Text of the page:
“[Floating] must have been one of the first ecstasies. The analogy of riding a spirited horse is fairly satisfactory; it is mastery over something resistant--a buoyancy that is not natural and inert like that of a log, but desired and vital and to one’s credit. Once the boat has fully entered the consciousness it becomes an intimate extension of self; one feels as competently amphibious as a duck, whose feet are paddles. And once we feel accustomed and secure in the boat, the day and river began to come clear to us.”

--Wendell Berry, "The Rise"

Floating a first ecstasy? I consider Wendell Berry something of a seer, but as of a few days ago, I was skeptical of this idea. We floated 46 miles on Sunday, and every one of them felt like a new and continuously cruel form of labor. It seemed we were never moving. It seemed the only way to relieve myself was to scream.

Distance, out here, is no measure of difficulty. Our progress depends on the speed of the river, which depends on the amount water flowing down. It depends on the wind's speed and direction. The effort perceived depends, even, on whether my feet feel frigid on an overcast morning because I failed to put on socks.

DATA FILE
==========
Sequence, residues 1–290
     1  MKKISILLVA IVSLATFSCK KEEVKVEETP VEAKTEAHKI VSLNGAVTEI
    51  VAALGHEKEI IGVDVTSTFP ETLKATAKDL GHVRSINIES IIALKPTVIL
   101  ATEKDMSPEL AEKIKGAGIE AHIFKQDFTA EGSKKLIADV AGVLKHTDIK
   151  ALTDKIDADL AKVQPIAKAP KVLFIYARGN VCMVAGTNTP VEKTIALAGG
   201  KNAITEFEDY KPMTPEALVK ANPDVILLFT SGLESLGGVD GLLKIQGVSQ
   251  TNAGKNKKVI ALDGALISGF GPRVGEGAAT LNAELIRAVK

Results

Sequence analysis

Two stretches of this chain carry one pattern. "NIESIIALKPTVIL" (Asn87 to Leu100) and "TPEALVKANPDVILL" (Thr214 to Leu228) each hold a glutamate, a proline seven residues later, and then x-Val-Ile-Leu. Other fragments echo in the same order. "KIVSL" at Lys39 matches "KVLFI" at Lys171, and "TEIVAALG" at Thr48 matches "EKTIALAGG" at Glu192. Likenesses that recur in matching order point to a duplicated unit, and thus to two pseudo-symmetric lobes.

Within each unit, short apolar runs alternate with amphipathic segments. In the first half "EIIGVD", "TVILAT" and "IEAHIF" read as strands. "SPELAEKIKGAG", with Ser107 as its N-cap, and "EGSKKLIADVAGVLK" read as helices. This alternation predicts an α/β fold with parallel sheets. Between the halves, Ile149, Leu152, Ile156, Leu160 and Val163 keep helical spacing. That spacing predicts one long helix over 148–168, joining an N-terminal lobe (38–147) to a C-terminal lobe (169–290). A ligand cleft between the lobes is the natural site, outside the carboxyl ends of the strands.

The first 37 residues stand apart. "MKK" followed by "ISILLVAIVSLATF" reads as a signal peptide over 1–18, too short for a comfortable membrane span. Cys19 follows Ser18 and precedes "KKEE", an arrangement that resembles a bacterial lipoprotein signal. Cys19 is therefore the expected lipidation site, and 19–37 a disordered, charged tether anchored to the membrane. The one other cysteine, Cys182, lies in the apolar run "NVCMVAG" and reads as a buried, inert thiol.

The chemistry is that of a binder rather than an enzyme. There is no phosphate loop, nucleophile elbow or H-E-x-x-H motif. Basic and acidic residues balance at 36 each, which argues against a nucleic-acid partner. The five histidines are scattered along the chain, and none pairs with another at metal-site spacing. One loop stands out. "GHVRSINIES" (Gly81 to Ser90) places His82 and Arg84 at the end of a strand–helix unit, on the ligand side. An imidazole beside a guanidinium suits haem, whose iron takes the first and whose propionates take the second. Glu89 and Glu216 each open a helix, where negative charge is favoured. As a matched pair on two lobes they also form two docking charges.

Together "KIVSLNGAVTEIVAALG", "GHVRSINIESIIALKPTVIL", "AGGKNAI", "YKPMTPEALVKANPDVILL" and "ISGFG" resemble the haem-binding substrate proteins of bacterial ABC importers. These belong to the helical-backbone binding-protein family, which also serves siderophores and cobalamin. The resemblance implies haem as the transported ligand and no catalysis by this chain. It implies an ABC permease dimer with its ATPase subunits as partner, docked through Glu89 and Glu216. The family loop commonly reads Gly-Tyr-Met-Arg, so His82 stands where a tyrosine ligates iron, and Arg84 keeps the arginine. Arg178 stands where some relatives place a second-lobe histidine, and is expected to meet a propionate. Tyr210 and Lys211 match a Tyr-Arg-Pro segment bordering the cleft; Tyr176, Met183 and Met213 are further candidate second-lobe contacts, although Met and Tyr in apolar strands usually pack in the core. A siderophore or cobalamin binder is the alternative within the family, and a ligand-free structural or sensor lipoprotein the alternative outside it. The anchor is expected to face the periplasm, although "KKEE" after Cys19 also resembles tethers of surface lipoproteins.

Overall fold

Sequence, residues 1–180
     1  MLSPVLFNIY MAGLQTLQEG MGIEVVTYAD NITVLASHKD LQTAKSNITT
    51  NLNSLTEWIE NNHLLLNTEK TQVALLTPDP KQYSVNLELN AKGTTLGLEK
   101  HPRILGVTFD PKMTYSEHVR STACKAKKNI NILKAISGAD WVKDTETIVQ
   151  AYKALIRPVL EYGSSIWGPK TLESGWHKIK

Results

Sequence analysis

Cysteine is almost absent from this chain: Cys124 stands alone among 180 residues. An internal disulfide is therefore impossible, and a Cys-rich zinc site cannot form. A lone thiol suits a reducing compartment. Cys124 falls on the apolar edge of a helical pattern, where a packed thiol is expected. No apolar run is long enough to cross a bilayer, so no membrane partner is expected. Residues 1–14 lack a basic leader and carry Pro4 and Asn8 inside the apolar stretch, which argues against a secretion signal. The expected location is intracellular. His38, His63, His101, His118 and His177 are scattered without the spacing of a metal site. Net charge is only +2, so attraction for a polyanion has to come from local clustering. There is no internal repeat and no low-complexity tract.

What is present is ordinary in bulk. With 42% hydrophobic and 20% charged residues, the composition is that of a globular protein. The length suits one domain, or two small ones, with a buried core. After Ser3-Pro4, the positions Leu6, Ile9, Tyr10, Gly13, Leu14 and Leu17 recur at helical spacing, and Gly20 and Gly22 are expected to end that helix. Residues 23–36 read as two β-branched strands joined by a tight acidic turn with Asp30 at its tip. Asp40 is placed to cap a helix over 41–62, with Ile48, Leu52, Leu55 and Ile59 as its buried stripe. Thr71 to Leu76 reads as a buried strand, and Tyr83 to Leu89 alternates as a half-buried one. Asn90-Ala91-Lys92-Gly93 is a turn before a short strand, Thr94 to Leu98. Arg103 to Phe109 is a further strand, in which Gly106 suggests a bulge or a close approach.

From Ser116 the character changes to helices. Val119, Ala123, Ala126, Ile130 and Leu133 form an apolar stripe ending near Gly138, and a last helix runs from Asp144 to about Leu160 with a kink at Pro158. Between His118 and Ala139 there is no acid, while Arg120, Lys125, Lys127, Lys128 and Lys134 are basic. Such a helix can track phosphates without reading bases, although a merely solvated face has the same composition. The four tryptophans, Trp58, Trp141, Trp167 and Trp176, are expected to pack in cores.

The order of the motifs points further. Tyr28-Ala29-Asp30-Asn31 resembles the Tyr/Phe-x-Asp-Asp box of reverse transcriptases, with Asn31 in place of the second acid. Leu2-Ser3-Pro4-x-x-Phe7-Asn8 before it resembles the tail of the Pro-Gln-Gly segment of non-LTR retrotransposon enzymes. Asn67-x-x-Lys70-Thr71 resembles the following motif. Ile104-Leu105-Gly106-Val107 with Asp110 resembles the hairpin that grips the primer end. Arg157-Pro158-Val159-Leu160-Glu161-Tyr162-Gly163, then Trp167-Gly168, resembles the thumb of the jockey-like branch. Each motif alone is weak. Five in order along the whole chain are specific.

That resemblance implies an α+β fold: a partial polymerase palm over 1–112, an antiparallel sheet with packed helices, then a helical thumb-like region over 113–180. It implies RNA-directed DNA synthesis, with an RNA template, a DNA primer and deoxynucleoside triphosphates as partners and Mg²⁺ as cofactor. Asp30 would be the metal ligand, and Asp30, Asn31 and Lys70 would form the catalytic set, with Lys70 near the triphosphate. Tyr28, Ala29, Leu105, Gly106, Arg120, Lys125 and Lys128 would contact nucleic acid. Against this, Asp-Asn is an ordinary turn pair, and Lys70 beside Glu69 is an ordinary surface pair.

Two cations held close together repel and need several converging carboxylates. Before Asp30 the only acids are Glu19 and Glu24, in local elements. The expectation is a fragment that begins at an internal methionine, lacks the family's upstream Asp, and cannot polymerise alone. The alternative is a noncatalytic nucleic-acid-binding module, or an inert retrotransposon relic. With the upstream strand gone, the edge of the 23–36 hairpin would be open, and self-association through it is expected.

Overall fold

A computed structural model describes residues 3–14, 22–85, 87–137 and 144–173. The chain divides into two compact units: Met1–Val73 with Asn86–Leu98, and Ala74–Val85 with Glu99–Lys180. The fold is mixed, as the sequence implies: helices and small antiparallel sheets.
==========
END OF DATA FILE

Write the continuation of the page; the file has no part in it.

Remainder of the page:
On Sunday, I sat in the bow of the boat, where I took on the responsibility of counting my strokes, so that I could switch from port to starboard, and keep myself -- and the rest of the boat -- from working too hard on one side. It was a relief today, then, to just sit and paddle and never count at all. It was a relief to have the sun shining. It was a relief to be out early, and to feel the big bends slip along our sides. It was a relief to pay attention not to the numbers, but to the world.

We paddled 62 miles today, and it felt like nothing at all. I could feel at times the water, flowing beneath my feet, beneath the hull, could feel the slight resistance as the water split around the paddle: ah, yes: the river and the day came clear.


The more prosaic update: we've crossed the border now, and both sides of the river are Louisiana: our final state. As if in greeting, we saw an alligator on the banks; and then, further downriver, beneath the Tunica Hills, a rare patch of cypress trees, draped in Spanish Moss. All the romantic enchantments of a Southern river, plus a golden sunset over the Loess bluffs, plus willow-smoked catfish and small splash of whiskey. A fine enough end to a long day.